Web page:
Applied Cryptography, Second Edition: Protocols, Algorthms, and Source Code in C (cloth)
(Publisher: John Wiley & Sons, Inc.)
Author(s): Bruce Schneier
ISBN: 0471128457
Publication Date: 01/01/96

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20.7 Cellular Automata

A new and novel idea, studied by Papua Guam [665], is the use of cellular automata in public-key cryptosystems. This system is still far too new and has not been studied extensively, but a preliminary examination suggests that it may have a cryptographic weakness similar to one seen in other cases [562]. Still, this is a promising area of research. Cellular automata have the property that, even if they are invertible, it is impossible to calculate the predecessor of an arbitrary state by reversing the rule for finding the successor. This sounds a whole lot like a trapdoor one-way function.

20.8 Other Public-Key Algorithms

Many other public-key algorithms have been proposed and broken over the years. The Matsumoto-Imai algorithm [1021] was broken in [450]. The Cade algorithm was first proposed in 1985, broken in 1986 [774], and then strengthened in the same year [286]. In addition to these attacks, there are general attacks for decomposing polynomials over finite fields [605]. Any algorithm that gets its security from the composition of polynomials over a finite field should be looked upon with skepticism, if not outright suspicion.

The Yagisawa algorithm combines exponentiation mod p with arithmetic mod p – 1 [1623]; it was broken in [256]. Another public-key algorithm, Tsujii-Kurosawa-Itoh-Fujioka-Matsumoto [1548] is insecure [948]. A third system, Luccio-Mazzone [993], is insecure [717]. A signature scheme based on birational permutations [1425] was broken the day after it was presented [381]. Tatsuaki Okamoto has several signature schemes: one is provably as secure as the Discrete Logarithm Problem, and another is provably as secure as the Discrete Logarithm Problem and the Factoring Problem [1206]. Similar schemes are in [709].

Gustavus Simmons suggested J-algebras as a basis for public-key algorithms [1455,145]. This idea was abandoned after efficient methods for factoring polynomials were invented [951]. Special polynomial semigroups have also been studied [1619,962], but so far nothing has come of it. Harald Niederreiter proposed a public-key algorithm based on shift-register sequences [1166]. Another is based on Lyndon words [1476] and another on propositional calculus [817]. And a recent public-key algorithm gets its security from the matrix cover problem [82]. Tatsuaki Okamoto and Kazuo Ohta compare a number of digital signature schemes in [1212].

Prospects for creating radically new and different public-key cryptography algorithms seem dim. In 1988 Whitfield Diffie noted that most public-key algorithms are based on one of three hard problems [492, 494]:

1.  Knapsack: Given a set of unique numbers, find a subset whose sum is N.
2.  Discrete logarithm: If p is a prime and g and m are integers, find x such that gxM (mod p).
3.  Factoring: If N is the product of two primes, either
a)  factor N,
b)  given integers M and C, find d such that MdC (mod N),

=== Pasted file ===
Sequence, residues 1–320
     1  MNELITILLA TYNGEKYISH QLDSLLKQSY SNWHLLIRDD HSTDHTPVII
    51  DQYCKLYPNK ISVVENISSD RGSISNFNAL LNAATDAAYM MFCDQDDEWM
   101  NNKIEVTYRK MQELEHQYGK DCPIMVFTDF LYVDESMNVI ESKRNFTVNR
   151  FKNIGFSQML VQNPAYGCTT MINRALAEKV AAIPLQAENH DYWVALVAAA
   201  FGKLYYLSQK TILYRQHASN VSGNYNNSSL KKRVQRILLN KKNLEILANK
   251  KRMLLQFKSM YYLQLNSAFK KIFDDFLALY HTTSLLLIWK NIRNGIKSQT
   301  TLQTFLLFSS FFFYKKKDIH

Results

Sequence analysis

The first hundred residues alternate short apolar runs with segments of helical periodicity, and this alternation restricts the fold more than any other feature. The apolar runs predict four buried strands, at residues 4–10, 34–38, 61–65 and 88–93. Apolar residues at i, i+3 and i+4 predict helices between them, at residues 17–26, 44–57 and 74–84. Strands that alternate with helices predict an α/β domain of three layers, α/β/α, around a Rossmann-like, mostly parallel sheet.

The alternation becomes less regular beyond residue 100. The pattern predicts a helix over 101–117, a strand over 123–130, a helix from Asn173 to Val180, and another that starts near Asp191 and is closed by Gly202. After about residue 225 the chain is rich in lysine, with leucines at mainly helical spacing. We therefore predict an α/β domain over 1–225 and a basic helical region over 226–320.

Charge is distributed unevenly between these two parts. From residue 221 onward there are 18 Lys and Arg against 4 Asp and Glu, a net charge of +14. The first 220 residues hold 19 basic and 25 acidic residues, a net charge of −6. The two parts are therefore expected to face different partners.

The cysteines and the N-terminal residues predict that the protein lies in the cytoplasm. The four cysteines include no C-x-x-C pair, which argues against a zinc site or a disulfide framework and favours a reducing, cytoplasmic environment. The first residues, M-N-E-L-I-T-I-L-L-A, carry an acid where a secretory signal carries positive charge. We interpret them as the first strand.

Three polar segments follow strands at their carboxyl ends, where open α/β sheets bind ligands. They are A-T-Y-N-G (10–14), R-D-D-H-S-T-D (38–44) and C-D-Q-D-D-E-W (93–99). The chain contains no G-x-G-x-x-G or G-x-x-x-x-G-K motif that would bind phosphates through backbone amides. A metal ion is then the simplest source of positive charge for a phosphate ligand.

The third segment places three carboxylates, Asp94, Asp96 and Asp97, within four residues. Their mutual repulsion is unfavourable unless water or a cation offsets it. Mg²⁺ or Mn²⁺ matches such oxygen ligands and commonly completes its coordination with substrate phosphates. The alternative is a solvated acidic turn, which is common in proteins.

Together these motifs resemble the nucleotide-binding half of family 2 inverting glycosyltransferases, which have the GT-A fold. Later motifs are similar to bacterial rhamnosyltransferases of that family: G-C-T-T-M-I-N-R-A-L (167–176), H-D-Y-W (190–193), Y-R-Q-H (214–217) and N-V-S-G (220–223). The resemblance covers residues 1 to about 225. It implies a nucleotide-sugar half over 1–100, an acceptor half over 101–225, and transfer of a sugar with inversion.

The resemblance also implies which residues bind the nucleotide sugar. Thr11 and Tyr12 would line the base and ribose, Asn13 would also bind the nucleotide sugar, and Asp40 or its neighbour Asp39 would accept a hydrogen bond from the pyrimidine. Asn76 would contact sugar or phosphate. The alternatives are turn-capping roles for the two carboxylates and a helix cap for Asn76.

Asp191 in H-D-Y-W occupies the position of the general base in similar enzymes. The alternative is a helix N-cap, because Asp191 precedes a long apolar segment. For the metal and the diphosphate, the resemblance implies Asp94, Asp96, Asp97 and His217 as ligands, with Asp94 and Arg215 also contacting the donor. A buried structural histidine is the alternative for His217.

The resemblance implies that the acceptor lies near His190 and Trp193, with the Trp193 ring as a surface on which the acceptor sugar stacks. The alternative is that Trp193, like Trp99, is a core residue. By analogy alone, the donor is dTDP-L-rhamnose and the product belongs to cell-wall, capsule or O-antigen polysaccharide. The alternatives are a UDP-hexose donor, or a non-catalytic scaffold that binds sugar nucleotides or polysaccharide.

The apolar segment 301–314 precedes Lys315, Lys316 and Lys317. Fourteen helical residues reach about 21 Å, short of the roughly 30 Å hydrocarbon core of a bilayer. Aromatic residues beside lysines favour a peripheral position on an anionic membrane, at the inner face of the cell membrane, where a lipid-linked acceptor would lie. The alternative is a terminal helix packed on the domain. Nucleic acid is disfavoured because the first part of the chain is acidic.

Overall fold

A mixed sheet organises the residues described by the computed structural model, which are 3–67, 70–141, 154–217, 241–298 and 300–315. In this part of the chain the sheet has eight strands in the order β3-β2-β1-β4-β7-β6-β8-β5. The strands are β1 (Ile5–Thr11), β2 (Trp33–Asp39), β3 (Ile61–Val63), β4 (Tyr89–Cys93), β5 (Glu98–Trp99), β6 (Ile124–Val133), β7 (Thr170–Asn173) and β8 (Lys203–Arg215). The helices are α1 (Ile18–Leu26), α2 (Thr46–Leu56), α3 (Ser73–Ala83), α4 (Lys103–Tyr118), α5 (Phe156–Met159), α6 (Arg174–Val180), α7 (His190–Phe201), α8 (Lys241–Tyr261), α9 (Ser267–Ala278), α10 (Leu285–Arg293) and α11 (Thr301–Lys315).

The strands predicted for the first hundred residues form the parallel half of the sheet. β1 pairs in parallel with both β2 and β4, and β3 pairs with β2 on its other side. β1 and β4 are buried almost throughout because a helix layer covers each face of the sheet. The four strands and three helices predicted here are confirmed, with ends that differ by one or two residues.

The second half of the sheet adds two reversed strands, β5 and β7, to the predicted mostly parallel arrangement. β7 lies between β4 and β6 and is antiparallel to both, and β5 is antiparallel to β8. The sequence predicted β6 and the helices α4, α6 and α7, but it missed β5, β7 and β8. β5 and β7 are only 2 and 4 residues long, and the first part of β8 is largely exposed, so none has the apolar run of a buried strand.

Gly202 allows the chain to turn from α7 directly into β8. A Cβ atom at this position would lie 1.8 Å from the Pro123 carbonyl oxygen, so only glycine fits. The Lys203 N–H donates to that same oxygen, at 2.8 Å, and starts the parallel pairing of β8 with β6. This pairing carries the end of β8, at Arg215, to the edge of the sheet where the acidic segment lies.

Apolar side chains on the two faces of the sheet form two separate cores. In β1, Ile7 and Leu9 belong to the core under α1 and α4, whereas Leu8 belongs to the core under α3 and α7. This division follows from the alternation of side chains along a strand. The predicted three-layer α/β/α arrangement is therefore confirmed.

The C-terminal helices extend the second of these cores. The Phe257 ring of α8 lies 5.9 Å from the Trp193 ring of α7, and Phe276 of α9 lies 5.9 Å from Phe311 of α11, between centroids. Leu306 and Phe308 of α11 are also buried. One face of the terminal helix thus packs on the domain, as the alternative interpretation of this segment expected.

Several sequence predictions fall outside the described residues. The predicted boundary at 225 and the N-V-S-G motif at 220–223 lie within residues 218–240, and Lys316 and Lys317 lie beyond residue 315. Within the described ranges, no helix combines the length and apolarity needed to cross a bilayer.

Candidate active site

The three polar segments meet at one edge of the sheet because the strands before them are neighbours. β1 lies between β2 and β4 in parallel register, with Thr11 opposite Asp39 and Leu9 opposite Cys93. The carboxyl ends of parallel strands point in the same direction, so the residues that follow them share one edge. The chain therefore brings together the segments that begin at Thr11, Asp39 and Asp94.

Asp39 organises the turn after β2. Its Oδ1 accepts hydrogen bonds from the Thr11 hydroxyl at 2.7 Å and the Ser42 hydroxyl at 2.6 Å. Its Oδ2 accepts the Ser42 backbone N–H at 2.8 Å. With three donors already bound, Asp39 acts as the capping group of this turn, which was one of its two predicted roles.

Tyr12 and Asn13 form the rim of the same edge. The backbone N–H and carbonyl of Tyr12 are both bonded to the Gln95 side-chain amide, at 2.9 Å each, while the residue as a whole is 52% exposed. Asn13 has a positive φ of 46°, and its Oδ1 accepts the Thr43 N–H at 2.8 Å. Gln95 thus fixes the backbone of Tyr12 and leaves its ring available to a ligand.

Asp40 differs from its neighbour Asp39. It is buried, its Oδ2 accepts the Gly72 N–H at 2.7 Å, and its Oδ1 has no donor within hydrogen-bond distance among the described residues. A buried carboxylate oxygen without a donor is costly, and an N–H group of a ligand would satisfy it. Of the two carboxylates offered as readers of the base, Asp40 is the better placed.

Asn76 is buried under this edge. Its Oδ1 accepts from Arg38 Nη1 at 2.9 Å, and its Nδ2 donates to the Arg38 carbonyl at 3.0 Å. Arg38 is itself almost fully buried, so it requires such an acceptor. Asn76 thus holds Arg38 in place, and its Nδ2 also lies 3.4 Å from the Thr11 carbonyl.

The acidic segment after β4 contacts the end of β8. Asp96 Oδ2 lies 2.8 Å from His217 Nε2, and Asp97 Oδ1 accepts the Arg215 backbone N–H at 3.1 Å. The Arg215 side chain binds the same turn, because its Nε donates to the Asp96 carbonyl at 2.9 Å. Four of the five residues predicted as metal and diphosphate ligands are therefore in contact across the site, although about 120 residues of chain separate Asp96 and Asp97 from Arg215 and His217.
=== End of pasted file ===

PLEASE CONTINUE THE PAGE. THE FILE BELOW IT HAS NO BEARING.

c)  given integers e and C, find M such that MeC (mod N), or
d)  given an integer x, decide whether there exists an integer y such that xy2 (mod N).

According to Diffie [492,494], the Discrete Logarithm Problem was suggested by J. Gill, the Factoring Problem by Knuth, and the knapsack problem by Diffie himself.

This narrowness in the mathematical foundations of public-key cryptography is worrisome. A breakthrough in either the problem of factoring or of calculating discrete logarithms could render whole classes of public-key algorithms insecure. Diffie points out [492,494] that this risk is mitigated by two factors:

1.  The operations on which public key cryptography currently depends—multiplying, exponentiating, and factoring—are all fundamental arithmetic phenomena. They have been the subject of intense mathematical scrutiny for centuries and the increased attention that has resulted from their use in public key cryptosystems has on balance enhanced rather than diminished our confidence.
2.  Our ability to carry out large arithmetic computations has grown steadily and now permits us to implement our systems with numbers sufficient in size to be vulnerable only to a dramatic breakthrough in factoring, logarithms, or root extraction.

As we have seen, not all public-key algorithms based on these problems are secure. The strength of any public-key algorithm depends on more than the computational complexity of the problem upon which it is based; a hard problem does not necessarily imply a strong algorithm. Adi Shamir listed three reasons why this is so [1415]:

1.  Complexity theory usually deals with single isolated instances of a problem. A cryptanalyst often has a large collection of statistically related problems to solve—several ciphertexts encrypted with the same key.
2.  The computational complexity of a problem is typically measured by its worst-case or average-case behavior. To be useful as a cipher, the problem must be hard to solve in almost all cases.
3.  An arbitrarily difficult problem cannot necessarily be transformed into a cryptosystem, and it must be possible to insert trapdoor information into the problem so that a shortcut solution is possible with this information and only with this information.

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